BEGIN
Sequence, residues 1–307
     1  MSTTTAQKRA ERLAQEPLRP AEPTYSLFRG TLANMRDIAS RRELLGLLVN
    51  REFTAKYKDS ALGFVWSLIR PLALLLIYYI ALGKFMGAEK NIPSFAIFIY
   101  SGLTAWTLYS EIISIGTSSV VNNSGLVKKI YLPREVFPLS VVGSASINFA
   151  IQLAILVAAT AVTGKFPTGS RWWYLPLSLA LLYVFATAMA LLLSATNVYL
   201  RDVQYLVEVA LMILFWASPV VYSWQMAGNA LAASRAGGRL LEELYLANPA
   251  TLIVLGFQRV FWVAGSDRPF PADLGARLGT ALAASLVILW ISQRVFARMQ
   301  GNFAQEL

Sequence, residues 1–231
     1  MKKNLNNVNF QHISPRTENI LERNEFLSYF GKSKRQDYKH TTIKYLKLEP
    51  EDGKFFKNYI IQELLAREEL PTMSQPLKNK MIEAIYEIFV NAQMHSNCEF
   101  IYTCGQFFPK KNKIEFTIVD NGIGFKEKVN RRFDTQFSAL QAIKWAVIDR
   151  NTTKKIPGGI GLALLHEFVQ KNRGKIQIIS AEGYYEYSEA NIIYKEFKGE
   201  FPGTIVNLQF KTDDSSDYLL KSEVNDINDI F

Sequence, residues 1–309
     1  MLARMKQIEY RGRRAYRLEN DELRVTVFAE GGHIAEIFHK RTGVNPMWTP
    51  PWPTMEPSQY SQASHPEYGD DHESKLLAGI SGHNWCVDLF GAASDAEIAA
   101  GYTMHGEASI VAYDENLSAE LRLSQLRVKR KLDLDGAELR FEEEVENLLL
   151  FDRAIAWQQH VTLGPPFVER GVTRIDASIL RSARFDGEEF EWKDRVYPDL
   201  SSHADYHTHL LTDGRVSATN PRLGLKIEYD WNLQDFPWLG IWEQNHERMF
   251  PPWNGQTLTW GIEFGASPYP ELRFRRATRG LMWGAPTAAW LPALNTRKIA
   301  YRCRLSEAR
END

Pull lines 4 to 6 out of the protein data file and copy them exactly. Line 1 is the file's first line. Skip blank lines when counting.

   101  SGLTAWTLYS EIISIGTSSV VNNSGLVKKI YLPREVFPLS VVGSASINFA
   151  IQLAILVAAT AVTGKFPTGS RWWYLPLSLA LLYVFATAMA LLLSATNVYL
   201  RDVQYLVEVA LMILFWASPV VYSWQMAGNA LAASRAGGRL LEELYLANPA